Friday, November 11, 2016

One Veteran's Story

Every year when Veterans Day comes around I always think about my wife’s grandfather.  Like many members of the Greatest Generation the man had a story for every situation.  After getting to know him and hearing those stories (some more than once), I dubbed him “Forest Gump without the money”.

Grandpa had more careers and life experience than most.  He was a welder and a photographer.  A mechanical engineer, he worked at Ford Motor Company and IBM.  He was also a custom home builder for several years.

He was even an inventor.

He often told a story about leaving IBM to be part of a team that invented an optical scanning machine.  Most adults will remember the Scantron tests from school requiring a #2 pencil.  Grandpa helped invent the machine that graded those tests.  The small startup was eventually bought by 3M.  He also told a story about helping build some prototype fitness machines for some local body builders.  They went on to form a successful business.  From the way he described them, they were just like the Cybex machines you’ll see in many gyms.  Both of those companies are based in or near where he lived in Rochester, MN at the time.  Unfortunately, he was an engineer and not a savvy businessman.  He also wasn’t as lucky as Forest Gump, so huge monetary success wasn’t in the cards from these efforts.

However,  the most Interesting story he ever told was from his time in the Navy.

Grandpa joined the Navy from Minnesota during WWII.  Eventually, he was transferred to Norfolk Virginia where his skills as a photographer and a welder were put to use inspecting welds on ships being built in the shipyards.  He used a specialized camera to take Images of the welds and make sure they were safe.

When it came time to begin preparations to for D-Day he got his orders for a ship that would ultimately take part in the Normandy invasion.  While standing in line to board with his duffel bag packed, he was pulled aside and told his orders had changed.  Instead of heading to Europe, he would be working on a special project.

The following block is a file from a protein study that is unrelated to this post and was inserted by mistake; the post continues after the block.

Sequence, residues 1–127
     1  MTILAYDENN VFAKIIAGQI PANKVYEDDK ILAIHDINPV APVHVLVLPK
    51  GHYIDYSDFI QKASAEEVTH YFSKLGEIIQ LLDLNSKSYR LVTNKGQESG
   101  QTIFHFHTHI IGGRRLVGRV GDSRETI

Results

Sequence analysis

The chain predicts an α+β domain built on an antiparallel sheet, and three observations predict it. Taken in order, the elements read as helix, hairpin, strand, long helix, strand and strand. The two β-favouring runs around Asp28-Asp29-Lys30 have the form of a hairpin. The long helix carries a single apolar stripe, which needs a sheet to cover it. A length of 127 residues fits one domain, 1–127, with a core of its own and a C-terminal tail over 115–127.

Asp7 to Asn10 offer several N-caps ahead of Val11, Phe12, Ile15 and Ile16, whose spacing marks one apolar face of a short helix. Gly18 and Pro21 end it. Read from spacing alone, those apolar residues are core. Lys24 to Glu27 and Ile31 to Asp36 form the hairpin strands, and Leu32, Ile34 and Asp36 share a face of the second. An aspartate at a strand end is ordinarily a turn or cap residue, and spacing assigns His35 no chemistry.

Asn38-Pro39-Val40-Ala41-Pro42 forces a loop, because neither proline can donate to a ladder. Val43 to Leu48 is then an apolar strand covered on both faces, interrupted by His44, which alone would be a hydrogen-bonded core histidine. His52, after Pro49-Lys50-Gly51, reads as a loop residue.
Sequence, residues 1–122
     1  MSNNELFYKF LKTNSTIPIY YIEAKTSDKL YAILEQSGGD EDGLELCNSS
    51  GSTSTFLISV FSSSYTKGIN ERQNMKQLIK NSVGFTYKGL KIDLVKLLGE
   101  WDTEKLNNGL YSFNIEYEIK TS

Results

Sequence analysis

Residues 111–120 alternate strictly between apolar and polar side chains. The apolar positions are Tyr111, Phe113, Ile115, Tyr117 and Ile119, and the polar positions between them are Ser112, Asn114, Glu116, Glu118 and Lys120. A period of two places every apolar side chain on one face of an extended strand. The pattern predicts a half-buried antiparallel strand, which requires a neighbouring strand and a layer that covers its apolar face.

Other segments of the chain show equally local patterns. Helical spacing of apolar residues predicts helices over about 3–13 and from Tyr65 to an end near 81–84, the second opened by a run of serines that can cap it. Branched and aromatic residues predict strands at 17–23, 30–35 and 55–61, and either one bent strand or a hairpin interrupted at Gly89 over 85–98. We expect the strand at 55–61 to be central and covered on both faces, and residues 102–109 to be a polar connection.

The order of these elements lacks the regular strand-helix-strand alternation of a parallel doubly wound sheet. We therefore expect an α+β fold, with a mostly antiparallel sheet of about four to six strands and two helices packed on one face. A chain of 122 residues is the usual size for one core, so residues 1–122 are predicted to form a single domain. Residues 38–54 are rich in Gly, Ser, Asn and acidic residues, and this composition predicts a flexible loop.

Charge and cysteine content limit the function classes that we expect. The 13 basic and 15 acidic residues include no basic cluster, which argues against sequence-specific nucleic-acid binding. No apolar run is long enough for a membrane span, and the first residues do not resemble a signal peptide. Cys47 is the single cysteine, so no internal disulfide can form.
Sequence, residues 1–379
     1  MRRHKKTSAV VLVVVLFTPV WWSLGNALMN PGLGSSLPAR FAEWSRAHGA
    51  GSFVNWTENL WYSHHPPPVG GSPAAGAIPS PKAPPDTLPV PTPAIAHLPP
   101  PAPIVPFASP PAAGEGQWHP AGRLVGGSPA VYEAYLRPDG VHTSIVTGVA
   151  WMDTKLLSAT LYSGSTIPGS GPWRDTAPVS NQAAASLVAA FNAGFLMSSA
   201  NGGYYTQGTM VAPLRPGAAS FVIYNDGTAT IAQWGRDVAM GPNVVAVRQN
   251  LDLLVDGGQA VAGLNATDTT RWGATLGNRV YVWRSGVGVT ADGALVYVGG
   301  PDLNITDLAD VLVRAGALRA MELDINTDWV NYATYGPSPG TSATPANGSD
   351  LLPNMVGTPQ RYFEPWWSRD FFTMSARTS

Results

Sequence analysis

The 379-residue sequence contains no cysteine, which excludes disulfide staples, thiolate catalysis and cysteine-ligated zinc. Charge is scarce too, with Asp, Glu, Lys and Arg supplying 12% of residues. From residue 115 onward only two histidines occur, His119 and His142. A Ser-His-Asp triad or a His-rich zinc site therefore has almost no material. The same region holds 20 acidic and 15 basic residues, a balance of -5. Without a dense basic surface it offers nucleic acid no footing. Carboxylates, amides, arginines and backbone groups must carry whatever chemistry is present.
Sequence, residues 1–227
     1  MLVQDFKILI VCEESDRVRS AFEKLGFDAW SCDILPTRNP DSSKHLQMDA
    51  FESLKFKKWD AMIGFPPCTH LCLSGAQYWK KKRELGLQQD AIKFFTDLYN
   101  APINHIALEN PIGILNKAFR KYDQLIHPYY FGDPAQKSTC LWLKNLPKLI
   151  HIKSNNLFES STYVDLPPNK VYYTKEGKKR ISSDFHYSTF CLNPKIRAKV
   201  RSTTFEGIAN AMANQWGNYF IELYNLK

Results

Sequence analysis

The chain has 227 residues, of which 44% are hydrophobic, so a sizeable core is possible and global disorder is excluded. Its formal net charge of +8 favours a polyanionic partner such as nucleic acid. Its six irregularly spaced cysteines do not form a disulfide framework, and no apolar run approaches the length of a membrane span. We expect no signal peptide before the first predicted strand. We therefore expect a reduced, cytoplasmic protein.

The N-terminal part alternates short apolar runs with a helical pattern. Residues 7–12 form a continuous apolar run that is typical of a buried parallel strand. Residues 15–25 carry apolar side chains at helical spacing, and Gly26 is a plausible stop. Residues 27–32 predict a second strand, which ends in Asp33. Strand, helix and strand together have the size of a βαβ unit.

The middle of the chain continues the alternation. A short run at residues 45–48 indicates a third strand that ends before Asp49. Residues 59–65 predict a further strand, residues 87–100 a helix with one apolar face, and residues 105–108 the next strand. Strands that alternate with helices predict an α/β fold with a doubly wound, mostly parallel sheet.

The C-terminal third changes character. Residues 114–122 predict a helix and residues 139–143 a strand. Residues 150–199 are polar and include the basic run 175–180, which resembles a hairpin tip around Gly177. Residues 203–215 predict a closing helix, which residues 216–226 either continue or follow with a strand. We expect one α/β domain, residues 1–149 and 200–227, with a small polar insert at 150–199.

As Grandpa liked to tell the story he was eventually taken to a hanger with a Consolidated B-24 heavy bomber.  There were some engineers from the company present as well as some military mechanics.  Oddly, there was also an interior designer from New York City.

The team redesigned the plane, converting it into a passenger aircraft.  The bomb lift was converted into a small elevator.  The interior decorator made it into a well appointed vehicle suitable for VIP travel.  Grandpa’s job was to use his photography and welding skills to inspect the welds and make sure all the structural changes planned by the engineers were done properly.

What they had built was to be the first Air Force One – the first plane intentionally designed to carry the President of the United States.  The bomb lift/elevator conversion was needed because FDR was paralyzed from Polio, but according to Grandpa the public didn’t know that at the time.  That was a big part of the need for secrecy around the project.

There were a few of these B-24 conversions.  The converted planes were dubbed C-87 models.  The one Grandpa helped build was called the Guess Where II – a play on words because Presidential travel was kept secret.

Unfortunately, the Guess Where II never carried Roosevelt.  After the plane was built and just before its inaugural trip, the Secret Service decided the B-24 safety record wasn’t good enough.  The President took a different plane to meet Churchill and Stalin at the Teheran summit to begin planning the end of WWII.

Another brush with history in a life full of such events.

A Navy man until the end, Lieutenant Magnuson spent his last days at the new Veterans nursing home in Black Mountain being one of the first patients admitted when it opened in 2012.  He passed away in 2014.

Happy Veterans Day, Grandpa!  You and your stories are always missed.

This post first appeared in the Herald Weekly at

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